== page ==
Six trucks of explosives ‘disappear’ in Yemen
Fears of a terrorist strike against Western embassies in Yemen have grown amid claims a convoy of lorries laden with explosives had been smuggled into the country’s capital city, Sana’a.
In an apparently botched surveillance operation, militants driving six trucks filled with weapons and ordnance succeeded in giving security forces the slip as they entered the city, according to local media.
The revelations came as western diplomatic missions in Sana’a went into lockdown following threats from al-Qaeda’s Yemeni affiliate, which has taken responsibility for a failed attempt to blow up an airliner over Detroit on Christmas Day.
Both the British and American embassies, considered the most high-profile targets in the city, remained closed for a second day. France and the Czech Republic also shut their embassies, while Spain, Germany and Japan announced restrictions on public access to their missions.
The identity of those who smuggled the weapons contingent into Sana’a has not been disclosed, and it is unclear if its disappearance is linked to al-Qaeda’s increasingly powerful Yemeni branch, al-Qaeda in the Arab Peninsula (AQAP)
Although AQAP released a statement on Sunday urging its followers to kill all Western diplomats on the Arab Peninsula, western officials have declined to divulge whether or not threats of a specific nature have been made.
Diplomats dismissed speculation that the vanishing convoy could presage an imminent attack on Western interests in the city.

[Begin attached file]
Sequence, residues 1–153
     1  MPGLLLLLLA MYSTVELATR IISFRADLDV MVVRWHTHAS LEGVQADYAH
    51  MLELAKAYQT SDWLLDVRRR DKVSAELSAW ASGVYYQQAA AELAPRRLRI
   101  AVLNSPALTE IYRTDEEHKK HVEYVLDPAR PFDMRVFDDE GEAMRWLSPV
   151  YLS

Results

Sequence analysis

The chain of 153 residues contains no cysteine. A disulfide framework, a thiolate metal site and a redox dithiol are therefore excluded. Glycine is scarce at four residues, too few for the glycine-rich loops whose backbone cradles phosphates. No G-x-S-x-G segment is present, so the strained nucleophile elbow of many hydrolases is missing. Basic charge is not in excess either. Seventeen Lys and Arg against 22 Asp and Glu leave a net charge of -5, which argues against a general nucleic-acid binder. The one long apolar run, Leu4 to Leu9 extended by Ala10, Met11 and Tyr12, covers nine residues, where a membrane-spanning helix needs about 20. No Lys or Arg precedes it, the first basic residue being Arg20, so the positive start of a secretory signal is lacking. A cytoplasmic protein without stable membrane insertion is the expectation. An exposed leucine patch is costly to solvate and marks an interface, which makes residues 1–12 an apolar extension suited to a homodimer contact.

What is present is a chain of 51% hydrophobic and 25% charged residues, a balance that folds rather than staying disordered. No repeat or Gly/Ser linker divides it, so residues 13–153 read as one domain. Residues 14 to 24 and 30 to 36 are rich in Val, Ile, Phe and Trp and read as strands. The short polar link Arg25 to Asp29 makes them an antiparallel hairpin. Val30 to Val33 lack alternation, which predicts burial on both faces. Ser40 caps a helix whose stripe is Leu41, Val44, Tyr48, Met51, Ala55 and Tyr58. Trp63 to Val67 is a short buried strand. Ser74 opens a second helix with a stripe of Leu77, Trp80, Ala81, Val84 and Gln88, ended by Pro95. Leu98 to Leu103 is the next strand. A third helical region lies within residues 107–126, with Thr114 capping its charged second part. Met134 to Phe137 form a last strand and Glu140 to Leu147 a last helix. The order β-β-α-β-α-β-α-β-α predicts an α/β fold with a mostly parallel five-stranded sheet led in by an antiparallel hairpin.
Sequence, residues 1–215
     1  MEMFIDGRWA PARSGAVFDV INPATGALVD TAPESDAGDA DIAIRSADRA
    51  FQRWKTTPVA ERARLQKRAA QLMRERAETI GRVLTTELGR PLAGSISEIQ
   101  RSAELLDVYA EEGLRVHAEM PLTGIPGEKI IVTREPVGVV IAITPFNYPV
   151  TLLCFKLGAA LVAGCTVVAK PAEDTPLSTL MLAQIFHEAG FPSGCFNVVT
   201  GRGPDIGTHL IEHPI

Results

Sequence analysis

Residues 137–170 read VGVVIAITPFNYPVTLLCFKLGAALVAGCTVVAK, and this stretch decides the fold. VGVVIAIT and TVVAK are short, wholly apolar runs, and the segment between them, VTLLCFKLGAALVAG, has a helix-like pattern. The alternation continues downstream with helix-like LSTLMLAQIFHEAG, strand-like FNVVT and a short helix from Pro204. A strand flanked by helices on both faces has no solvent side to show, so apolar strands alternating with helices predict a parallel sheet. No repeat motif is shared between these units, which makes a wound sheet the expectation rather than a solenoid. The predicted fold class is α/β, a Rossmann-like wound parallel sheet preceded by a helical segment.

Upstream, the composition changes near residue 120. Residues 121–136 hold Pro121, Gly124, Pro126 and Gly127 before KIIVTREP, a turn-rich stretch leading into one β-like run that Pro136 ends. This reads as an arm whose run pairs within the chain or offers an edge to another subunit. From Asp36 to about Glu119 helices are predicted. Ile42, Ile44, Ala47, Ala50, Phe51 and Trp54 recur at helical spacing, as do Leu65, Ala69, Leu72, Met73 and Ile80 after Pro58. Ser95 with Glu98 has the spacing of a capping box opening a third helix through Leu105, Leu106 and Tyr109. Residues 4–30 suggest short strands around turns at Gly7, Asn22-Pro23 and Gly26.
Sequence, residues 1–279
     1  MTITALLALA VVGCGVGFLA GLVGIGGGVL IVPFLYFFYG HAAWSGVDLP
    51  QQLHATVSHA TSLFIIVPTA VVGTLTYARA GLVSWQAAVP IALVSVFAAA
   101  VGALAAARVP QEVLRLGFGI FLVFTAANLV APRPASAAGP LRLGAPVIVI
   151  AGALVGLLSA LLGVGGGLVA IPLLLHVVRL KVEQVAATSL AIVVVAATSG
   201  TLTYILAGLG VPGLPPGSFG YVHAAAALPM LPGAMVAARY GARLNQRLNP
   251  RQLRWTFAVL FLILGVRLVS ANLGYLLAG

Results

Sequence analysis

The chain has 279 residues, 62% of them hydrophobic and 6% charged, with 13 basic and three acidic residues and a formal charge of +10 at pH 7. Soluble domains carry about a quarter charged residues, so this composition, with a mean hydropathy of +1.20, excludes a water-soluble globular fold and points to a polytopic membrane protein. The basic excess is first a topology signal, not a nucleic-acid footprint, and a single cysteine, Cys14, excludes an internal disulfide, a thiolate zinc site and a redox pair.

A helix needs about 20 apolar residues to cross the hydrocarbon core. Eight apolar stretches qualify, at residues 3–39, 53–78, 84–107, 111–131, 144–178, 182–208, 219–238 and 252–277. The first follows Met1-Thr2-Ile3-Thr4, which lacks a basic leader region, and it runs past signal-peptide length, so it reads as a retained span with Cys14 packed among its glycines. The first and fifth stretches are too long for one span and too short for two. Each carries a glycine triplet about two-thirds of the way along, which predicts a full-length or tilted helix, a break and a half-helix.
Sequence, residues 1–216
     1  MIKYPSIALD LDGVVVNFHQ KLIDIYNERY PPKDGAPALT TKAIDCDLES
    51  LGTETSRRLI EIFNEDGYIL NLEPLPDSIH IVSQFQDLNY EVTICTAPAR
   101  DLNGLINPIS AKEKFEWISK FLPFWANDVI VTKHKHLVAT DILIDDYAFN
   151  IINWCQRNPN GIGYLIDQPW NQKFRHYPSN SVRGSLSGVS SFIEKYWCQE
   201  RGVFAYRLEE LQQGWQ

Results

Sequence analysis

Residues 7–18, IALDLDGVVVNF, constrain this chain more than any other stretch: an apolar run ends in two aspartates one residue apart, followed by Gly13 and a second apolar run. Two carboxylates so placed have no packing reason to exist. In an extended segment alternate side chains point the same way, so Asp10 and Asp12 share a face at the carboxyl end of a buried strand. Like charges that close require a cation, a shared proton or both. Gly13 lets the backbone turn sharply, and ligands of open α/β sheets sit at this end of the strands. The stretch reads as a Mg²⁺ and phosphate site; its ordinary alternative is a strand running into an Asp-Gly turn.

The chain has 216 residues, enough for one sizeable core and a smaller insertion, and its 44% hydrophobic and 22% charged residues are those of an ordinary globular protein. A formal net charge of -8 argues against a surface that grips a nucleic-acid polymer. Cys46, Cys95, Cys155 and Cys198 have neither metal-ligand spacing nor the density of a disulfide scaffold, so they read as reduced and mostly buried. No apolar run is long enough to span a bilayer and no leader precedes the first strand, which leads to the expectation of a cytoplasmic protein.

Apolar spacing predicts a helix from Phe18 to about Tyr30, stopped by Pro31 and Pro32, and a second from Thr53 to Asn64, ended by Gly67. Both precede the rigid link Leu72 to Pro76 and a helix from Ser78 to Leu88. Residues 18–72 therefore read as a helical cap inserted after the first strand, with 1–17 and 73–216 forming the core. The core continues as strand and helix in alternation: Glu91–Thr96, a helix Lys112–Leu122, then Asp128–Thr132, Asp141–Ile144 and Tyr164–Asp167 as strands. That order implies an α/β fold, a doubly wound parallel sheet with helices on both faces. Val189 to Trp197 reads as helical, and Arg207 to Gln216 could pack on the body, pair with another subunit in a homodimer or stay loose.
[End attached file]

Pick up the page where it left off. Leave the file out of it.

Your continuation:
“These reports have nothing to do with the reason embassies were shut,” one said.
John Brennan, President Barack Obama’s counter-terrorism adviser, has spoken of “indications” that al-Qaeda was planning an attack on a Western target in Sana’a, possibly the US embassy, which was twice attacked in 2008, killing 19.
It is not the first time that lorries carrying arms have disappeared in Yemen, and sources suggested that the weapons may well have been bound for tribal rebels in the North. The insurgents, who are Shia, are regarded as apostates by al-Qaeda, although some observers say there may be a limited alliance of convenience between the two.
But the disappearance of so large a shipment of explosives will only enhance the febrile atmosphere in Sana’a and raise fresh concerns about Yemen’s competence in dealing with the al-Qaeda threat.
A combination of corruption, instability, poverty and lawlessness has helped turn Yemen into fertile breeding ground for al-Qaeda. Amid warnings that the country could soon emerge as a “new Afghanistan”, Gordon Brown this weekend gave warning that Yemen was becoming a “failing state.”
Keen to demonstrate its commitment to fighting terror, the Yemeni government said its forces had killed two suspected al-Qaeda members in an operation in the mountainous Arhab region, 25 miles north of the capital.
The raid happened close to the scene of government air strikes on Dec 17 that killed three members of an AQAP cell who were allegedly plotting to blow up the British embassy in Sana’a.
The main target of Monday’s attack, identified as Mohammed Ahmed al-Hanaq, managed to escape.
Observers in Sana’a described Mr Hanaq as a tribal chief who has only loose connections to al-Qaeda.
AQAP has managed to establish a foothold in several parts of Yemen largely be paying tribute to local tribes who complain they have been marginalised and impoverished by the Yemeni government.